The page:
You can read about our previous visit to Three One Two here.

Updated (29/6/09): Andrew McConnell has packed up Three, One, Two and opened Cutler and Co on Gertrude Street in Fitzroy.


  1. Yes, yes there should always be a second dessert!

    Do you think they might do a vegan degustation? Anyone who does more than "minus the meat meals" is worth visiting pronto.

    And happy happy birthday!

  2. Sounds like a great birthday meal - so much good food to discover - yet another lovely vicarious degustation for me (which is about as close as I manage to get to high end restaurants at the moment but is always fun)

  3. Miss T, they don't advertise a vegan degustation but I think it would be most worthwhile to call them and ask. Actually, the bigger problem at the moment could be 3-1-2's availability - I think they're closing their Drummond St restaurant on Dec 31 and moving to a new premises on Gertrude St in Fitzroy in 2009, most likely with a new name. Michael will be keeping an eye on it!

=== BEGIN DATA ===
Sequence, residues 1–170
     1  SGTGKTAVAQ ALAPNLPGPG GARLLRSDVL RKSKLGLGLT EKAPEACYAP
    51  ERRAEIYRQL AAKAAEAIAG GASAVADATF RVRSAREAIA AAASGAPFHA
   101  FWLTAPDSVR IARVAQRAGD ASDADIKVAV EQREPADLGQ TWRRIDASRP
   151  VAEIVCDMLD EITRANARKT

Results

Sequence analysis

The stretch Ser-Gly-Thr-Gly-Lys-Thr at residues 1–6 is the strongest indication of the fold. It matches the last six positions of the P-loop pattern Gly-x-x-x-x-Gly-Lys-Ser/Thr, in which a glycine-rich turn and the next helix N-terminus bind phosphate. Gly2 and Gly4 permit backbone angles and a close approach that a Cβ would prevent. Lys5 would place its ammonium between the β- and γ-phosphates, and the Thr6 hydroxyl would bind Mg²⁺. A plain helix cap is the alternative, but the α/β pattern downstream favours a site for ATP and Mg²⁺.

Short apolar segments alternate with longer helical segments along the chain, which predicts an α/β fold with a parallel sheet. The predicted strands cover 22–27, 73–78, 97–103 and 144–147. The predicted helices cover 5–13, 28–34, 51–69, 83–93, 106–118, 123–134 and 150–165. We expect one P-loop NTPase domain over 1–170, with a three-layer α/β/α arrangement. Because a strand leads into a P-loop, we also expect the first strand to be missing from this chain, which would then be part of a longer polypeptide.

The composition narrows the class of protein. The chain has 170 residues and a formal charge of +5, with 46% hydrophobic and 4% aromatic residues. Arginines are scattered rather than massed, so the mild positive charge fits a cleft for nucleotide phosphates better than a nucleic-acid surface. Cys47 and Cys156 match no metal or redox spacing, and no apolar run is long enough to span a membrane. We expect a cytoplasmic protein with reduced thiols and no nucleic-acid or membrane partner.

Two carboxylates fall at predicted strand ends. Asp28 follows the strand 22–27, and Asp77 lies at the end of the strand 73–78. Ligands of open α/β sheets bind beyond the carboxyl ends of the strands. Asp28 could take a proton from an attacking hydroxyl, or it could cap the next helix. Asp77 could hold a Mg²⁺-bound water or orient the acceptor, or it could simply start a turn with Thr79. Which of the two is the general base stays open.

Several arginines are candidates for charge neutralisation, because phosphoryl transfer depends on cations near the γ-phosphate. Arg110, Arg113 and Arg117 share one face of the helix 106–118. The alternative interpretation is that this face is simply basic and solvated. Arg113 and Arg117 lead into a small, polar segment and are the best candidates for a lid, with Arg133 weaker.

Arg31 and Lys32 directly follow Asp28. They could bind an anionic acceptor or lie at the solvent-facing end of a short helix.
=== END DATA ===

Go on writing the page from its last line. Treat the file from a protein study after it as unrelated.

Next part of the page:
Johanna, take all the vicarious enjoyment you can - we're happy to share this experience around. :-)

  4. Happy Birthday Cindy. It's a bit late, but I haven't read any blogs in over a week.

    Look forward to reading about your food adventures next year.

    Merry Christmas and Happy New Year.

  5. Sounds like a well rounded meal, finished with 2 desserts like all meals should! I was about to write a post about three two one, and found yours first. I dont have any photos of my visit, and now I sadly wish I did.

  6. Thanks for the well wishes, Thanh! I hope you're having a great holiday season too. Maybe we should organise a bloggers' meet-up for early '09...?

    Maria, I'm glad you wrote up your perspective on this restaurant, even if you didn't have many photos. :-)